A volcano on planet Mars became dormant about the same period when the dinosaurs on Earth went extinct, findings of a new study conducted by NASA researchers suggest.

Arsia Mons Volcano

Much of the history of the Arsia Mons, the southernmost volcano among the Tharsis Montes, a group of three massive volcanoes on the Red Planet, are a mystery.

Scientists think that the volcano was built up over billions of years and that its most recent volcanic activity likely took place in the caldera. Much about the volcano, however, has been unknown and scientists had difficulty making a precise estimate of the time when the volcanic field was active.

A new computer model, however, now sheds light on this and helps scientists find out when the volcano stopped spewing out lava. The computer model revealed that Arsia Mons's volcanic activity stopped about 50 million years ago, which interestingly is also about the same time that the Earth went through the Cretaceous-Paleogene extinction event.

Cretaceous-Paleogene Extinction Event

The global extinction event wiped out three-quarters of the world's plants and animal species, which include the dinosaurs. It is generally believed that the Cretaceous-Paleogene extinction was triggered by a massive asteroid impact and its catastrophic effects albeit some scientists think that the extinction was caused or exacerbated by other factors, which include sea level change, climate change and volcanic eruptions.

Despite the coincidence, study researcher Jacob Richardson, from NASA's Goddard Space Flight Center, and colleagues did not find evidence that directly links the two events.

Arsia Mons's Caldera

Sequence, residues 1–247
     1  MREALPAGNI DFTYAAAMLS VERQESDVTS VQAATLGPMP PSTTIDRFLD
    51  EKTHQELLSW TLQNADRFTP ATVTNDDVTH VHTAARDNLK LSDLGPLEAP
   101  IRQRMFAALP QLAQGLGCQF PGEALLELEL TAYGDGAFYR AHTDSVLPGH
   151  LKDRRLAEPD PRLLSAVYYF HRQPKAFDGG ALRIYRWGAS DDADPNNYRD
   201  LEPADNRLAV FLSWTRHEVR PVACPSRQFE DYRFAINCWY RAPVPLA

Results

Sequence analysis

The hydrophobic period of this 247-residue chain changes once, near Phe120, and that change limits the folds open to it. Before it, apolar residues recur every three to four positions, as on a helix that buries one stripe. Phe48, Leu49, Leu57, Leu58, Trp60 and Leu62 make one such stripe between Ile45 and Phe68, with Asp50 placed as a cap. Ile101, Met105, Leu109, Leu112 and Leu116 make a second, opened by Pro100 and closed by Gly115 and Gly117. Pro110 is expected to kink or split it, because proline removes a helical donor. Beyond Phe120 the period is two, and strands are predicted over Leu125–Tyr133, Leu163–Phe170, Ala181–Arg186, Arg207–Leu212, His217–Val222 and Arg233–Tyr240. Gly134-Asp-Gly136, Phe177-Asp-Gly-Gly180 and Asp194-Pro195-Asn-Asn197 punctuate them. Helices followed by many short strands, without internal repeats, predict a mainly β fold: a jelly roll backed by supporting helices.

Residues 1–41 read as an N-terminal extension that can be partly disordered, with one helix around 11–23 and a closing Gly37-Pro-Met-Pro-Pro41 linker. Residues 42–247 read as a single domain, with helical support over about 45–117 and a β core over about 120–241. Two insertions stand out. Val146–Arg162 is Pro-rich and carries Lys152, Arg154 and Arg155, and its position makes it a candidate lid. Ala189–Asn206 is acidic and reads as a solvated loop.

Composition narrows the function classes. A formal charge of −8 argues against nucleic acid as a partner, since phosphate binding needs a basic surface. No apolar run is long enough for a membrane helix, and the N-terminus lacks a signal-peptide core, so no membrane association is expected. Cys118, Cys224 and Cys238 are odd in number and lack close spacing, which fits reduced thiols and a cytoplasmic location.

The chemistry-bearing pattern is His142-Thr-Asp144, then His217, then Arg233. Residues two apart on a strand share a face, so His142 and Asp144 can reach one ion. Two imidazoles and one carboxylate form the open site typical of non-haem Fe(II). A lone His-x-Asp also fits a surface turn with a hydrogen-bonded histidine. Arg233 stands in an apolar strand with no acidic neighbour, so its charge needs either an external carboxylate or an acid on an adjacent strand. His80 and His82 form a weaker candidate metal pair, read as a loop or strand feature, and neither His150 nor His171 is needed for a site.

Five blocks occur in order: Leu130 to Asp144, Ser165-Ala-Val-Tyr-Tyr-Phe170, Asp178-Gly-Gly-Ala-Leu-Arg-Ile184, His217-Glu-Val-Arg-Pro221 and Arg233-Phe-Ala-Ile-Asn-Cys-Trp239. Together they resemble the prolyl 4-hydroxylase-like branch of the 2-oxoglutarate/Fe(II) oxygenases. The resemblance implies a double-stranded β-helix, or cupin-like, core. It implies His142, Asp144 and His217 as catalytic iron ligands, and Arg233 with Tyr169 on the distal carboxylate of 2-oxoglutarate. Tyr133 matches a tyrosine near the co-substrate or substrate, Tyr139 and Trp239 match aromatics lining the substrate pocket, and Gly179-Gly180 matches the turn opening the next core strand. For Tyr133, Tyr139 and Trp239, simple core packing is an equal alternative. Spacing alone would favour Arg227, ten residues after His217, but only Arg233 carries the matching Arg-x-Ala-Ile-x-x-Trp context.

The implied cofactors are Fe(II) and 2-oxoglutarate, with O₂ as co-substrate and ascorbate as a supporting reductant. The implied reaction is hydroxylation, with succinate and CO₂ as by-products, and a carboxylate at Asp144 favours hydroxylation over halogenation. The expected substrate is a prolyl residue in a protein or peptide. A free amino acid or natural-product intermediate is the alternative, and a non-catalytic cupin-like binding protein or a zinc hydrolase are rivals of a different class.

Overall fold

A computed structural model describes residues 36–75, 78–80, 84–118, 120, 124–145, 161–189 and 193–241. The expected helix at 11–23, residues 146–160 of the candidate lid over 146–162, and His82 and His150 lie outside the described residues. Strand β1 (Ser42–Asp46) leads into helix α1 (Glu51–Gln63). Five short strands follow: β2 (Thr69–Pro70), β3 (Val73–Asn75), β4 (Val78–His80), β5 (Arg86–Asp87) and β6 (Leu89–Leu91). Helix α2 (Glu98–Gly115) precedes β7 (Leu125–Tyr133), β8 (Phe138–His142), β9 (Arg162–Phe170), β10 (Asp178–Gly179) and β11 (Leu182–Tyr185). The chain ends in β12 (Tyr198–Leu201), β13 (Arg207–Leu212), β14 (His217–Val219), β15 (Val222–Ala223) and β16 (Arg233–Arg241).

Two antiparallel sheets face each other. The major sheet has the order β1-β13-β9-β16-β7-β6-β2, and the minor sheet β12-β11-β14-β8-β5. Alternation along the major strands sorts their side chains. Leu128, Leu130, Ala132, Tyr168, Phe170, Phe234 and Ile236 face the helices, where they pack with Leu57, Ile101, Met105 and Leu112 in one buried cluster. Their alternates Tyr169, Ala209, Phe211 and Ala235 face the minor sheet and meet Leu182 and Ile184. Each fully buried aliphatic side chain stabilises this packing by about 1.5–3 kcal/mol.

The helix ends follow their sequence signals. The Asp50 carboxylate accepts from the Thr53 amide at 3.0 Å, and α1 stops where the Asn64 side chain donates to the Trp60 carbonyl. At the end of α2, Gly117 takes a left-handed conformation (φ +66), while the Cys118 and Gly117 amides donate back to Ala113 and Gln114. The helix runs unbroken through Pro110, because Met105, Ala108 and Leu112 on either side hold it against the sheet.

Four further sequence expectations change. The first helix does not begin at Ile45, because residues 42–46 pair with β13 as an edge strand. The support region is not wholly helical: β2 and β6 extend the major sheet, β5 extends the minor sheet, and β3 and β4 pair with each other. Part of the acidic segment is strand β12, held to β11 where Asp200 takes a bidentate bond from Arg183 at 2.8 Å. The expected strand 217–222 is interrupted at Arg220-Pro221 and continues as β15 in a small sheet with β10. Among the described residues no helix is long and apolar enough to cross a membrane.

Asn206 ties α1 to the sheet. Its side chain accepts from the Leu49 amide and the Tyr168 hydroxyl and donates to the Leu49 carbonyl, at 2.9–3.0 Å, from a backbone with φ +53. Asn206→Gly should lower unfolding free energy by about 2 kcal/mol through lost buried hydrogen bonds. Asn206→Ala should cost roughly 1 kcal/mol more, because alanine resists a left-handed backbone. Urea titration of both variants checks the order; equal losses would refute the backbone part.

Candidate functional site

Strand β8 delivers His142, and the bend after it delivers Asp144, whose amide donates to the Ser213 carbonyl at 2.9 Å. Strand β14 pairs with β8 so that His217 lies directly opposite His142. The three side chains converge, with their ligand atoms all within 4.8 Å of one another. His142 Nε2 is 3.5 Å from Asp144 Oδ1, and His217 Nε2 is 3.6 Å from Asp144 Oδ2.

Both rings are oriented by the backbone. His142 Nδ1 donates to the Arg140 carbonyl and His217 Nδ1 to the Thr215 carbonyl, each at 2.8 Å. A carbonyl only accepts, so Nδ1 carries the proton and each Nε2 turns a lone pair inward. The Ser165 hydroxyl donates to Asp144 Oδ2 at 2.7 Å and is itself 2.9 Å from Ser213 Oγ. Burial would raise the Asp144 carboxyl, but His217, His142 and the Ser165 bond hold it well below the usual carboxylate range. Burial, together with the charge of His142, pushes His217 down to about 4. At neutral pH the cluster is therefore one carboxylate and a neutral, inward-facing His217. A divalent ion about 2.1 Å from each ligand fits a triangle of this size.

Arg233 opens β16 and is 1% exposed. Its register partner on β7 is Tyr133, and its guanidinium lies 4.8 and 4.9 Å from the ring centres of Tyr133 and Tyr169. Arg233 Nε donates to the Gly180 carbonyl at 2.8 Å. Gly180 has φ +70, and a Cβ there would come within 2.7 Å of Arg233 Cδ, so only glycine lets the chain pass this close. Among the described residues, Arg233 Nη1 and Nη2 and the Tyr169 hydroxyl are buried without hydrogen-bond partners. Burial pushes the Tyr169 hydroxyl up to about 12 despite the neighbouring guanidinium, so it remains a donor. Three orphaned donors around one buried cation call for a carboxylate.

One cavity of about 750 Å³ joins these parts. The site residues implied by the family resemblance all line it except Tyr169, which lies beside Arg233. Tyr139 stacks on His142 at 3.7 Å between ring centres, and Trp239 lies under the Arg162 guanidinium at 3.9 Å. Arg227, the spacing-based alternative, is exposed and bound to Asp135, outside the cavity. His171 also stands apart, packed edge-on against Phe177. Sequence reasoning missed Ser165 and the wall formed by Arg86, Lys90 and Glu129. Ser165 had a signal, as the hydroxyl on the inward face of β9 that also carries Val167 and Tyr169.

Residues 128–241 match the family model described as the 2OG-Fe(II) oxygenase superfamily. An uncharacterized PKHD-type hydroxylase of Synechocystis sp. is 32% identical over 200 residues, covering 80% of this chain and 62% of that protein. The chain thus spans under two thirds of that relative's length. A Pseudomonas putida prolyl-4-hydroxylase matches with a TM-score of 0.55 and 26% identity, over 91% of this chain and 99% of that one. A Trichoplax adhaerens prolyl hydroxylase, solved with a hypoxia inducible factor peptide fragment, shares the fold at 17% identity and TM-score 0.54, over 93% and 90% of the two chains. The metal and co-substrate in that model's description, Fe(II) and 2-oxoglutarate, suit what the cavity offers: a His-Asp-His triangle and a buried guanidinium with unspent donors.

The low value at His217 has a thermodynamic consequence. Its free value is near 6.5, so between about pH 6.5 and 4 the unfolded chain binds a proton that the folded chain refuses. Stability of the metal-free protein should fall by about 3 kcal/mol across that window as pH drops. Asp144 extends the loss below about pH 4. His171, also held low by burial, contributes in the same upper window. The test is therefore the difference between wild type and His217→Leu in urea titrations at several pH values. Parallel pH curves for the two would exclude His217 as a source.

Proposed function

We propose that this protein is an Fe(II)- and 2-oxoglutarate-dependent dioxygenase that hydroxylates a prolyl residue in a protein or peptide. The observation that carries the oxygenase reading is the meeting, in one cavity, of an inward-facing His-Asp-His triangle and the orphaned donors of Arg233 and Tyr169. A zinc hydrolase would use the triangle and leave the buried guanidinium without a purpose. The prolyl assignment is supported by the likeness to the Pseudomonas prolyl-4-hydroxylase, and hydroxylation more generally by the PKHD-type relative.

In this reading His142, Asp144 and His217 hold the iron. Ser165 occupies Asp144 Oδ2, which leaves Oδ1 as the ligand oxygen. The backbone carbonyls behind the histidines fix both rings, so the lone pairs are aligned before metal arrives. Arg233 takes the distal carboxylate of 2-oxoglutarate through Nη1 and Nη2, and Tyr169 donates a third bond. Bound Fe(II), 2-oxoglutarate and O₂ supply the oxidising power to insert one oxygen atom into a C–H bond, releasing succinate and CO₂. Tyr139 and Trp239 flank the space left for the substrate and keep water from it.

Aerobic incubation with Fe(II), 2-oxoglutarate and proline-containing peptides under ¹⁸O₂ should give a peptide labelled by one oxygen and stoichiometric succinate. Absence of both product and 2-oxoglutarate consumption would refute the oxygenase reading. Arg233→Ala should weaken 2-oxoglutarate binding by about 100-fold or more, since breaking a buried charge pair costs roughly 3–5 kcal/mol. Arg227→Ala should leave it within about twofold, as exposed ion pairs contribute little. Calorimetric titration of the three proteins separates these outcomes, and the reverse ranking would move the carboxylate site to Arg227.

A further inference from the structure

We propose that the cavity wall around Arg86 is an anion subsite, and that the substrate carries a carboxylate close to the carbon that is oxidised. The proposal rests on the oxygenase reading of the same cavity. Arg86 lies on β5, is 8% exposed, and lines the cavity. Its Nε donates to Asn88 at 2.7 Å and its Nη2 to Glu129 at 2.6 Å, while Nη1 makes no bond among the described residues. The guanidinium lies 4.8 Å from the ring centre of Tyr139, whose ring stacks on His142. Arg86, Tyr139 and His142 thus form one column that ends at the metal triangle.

Richardson and colleagues identified 29 volcanic vents on Arsia Mons inside the caldera, the cauldron-like depression on top of the volcano which forms when a volcano erupts under its own weight as lava builds up on top. Arsia Mons has a caldera measuring 68 miles across. It is big enough to hold all the waters in Lake Huron, the third largest freshwater lake on Earth.

Determining When The Arsia Mons Was Last Active

Using images taken by the NASA Mars Reconnaissance Orbiter's Context Camera, the researchers mapped the lava flows around the 29 identified volcanic vents in the volcano's caldera.

By tallying the craters around Arsia Mons, the researchers were able to determine the length of time when lava flows had been there. These data also allowed the researchers to estimate the times when the most recent volcanic activity happened, which is between 10 and 90 million years ago. Of the lava flows, the oldest are estimated to be about 200 million years old.

Volcanic Activities On Mars, History And Interior Structure Of Mars

Knowing when the volcanic activity on planet Mars occurred is important since this helps scientists understand the history and interior structure of the Red Planet.

"Magmatism and volcanism have evolved the Martian lithosphere, surface, and climate throughout the history of Mars. Constraining the rates of magma generation and timing of volcanism on the surface clarifies the ways in which magma and volcanic activity have shaped these Martian systems," the researchers wrote in their study.

The findings were published in Earth and Planetary Science Letters.

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